Every time I drew my Tel-Jilad Defiance I had something really good to do with it. From having my 3/2 survive a combat against a Snapsail Glider, to protecting an attacking Chimeric Mass from a Sylvok Replica, to detaching a Grafted Exoskeleton from my opponent's creature (killing the equipped creature in the process).
Yes, in case you didn't already realize, you can use Tel-Jilad Defiance on your opponent's creature to detach any Equipment that is currently equipped to it (note also that if you Tel-Jilad Defiance your own creature it will detach any Equipment that it has on it).
While Tel-Jilad Defiance probably won't be a first-pickable card, I can see myself being very happy to pick it up 4th-7th pick. For two mana, it does a lot.
While it didn't look like much to me while I was building my deck, fellow Daily MTG columnist Brian David-Marshall told me that I should definitely take a closer look at Infiltration Lens—especially in infect decks.
At only one mana to cast and one mana to equip, you really don't have to take much (or necessarily any) time off to cast it and use it. If your opponent never blocks your creature, then you've gotten a pretty good value paying only two total mana for a piece of Equipment that stops your opponent from blocking a creature.
If your opponent ever does decide to block, you will have gotten an even better value when you draw two cards for only two total mana and you still have the Infiltration Lens left around to give your opponent headaches.
If I could go back and rebuild my deck I would definitely make room for my Infiltration Lens and the second Tel-Jilad Defiance—probably in place of a Silver Myr and a Snapsail Glider.
Some Initial Thoughts on Metalcraft
Over the course of the next few weeks and months, players are going to develop a much better understanding of how to make the most of metalcraft. But at the Prerelease, I was just starting to figure out ways to best take advantage of Rusted Relic and friends.
The first, and perhaps most obvious, thing that you need to know about metalcraft is that you need a ton of artifacts to be able to reliably turn it on. And you want as many of them to be cheap as possible so you have a decent shot of turning metalcraft on early.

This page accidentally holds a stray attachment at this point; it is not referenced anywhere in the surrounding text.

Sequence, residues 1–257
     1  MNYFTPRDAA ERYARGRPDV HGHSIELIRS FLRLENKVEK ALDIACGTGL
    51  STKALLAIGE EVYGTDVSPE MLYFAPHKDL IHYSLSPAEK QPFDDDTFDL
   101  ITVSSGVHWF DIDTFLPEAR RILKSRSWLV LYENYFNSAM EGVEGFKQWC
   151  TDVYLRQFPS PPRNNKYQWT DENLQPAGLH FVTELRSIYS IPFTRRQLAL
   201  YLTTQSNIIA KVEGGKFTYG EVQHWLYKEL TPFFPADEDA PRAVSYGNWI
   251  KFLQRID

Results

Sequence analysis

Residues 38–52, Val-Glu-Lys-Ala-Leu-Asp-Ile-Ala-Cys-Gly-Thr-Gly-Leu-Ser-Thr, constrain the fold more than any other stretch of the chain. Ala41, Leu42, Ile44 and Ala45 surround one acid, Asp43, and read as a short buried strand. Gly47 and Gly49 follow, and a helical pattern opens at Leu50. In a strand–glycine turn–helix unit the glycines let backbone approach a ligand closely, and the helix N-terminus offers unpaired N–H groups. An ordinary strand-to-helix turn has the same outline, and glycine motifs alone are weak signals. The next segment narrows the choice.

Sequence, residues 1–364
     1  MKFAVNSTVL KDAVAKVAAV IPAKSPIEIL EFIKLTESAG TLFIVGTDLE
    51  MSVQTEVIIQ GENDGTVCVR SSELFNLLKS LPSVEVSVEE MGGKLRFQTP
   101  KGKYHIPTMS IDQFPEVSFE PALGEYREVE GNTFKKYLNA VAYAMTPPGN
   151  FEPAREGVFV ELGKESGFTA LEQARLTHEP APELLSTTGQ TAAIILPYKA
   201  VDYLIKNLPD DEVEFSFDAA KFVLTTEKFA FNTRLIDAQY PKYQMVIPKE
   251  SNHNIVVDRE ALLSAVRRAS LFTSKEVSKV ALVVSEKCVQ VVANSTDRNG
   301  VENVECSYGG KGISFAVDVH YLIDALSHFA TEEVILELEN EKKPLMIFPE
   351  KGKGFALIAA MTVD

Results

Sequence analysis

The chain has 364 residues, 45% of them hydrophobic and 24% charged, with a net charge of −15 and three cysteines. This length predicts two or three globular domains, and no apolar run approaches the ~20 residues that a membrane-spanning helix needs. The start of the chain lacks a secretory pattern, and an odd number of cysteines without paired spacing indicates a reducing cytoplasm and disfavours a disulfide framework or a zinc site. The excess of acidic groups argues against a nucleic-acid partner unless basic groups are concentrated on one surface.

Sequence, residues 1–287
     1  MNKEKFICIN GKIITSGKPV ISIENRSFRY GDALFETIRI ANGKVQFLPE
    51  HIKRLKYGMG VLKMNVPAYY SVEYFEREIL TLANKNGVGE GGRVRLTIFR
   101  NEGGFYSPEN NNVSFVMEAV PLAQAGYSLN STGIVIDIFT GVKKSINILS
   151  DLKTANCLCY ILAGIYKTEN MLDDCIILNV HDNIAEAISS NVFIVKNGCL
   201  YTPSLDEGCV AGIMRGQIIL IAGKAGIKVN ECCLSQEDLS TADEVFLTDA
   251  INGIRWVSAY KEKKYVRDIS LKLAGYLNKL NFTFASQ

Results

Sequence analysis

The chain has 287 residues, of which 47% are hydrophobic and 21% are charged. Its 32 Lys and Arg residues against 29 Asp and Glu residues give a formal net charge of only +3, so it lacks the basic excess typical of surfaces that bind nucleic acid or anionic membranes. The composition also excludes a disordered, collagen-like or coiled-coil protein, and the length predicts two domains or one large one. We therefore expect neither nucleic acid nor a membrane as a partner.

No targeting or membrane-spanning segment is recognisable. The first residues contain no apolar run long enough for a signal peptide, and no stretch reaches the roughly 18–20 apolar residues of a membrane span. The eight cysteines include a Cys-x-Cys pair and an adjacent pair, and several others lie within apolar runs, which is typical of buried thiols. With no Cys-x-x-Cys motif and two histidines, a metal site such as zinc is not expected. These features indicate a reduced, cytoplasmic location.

This means that you should go out of your way to pick up mana Myr—even off-color ones—for your metalcraft decks. It also means that you want to grab as many spellbombs as possible as they will help you turn on metalcraft early, and you will be able to cycle them later (once you have a bunch of artifacts under your control) to dig for something more relevant.
There are also a ton of other good, cheap artifacts that might not look particularly flashy, but become pretty great when they provide some extra value. This helps you turn on metalcraft and makes your Carapace Forgers 4/4s and your Rusted Relics 5/5s.
For example, Perilous Myr might not look like much at first, but this little Myr is shockingly good—especially in metalcraft decks.
Then there are the cards that really take advantage of the fact that you have so many artifacts—cards like Vedalken Certarch, Myrsmith, and Golem Foundry.
Yes, Golem Foundry.
Golem Foundry is a card that really caught my attention at the Prerelease. Combined with Throne of Geth, Thrummingbird, Contagion Clasp, or the already devastating Contagion Engine, you can start pumping out 3/3s at a somewhat alarming rate. Just fill your deck with artifacts, pick up a couple of cards with proliferate and you are good to go!
Wake Them Up!
The sleeper cards that I'm looking at right now are Tel-Jilad Defiance, Infiltration Lens, Perilous Myr, and Golem Foundry. While these cards haven't gotten a lot of widespread notice yet, I expect that they will all creep up on peoples' radars in the next few weeks.
What cards do you think are currently being undervalued? How about overvalued?
Let everyone know about your experiences at the Prerelease as well as your first impressions of the set in the forums! I, for one, can't wait to hear what you have to say about the set.
Find a Launch Party Near You!
Find a Launch Party Near You!
I hope you had a fantastic time at a Scars of Mirrodin Prerelease last weekend. But if you weren't able to make it to an event last weekend, or if you are simply looking for a chance to play more Scars of Mirrodin Limited, then you should make your way to a Scars of Mirrodin Launch Party this weekend. If you like artifacts, poison, promo cards, Sealed Deck, and/or Draft you won't be disappointed.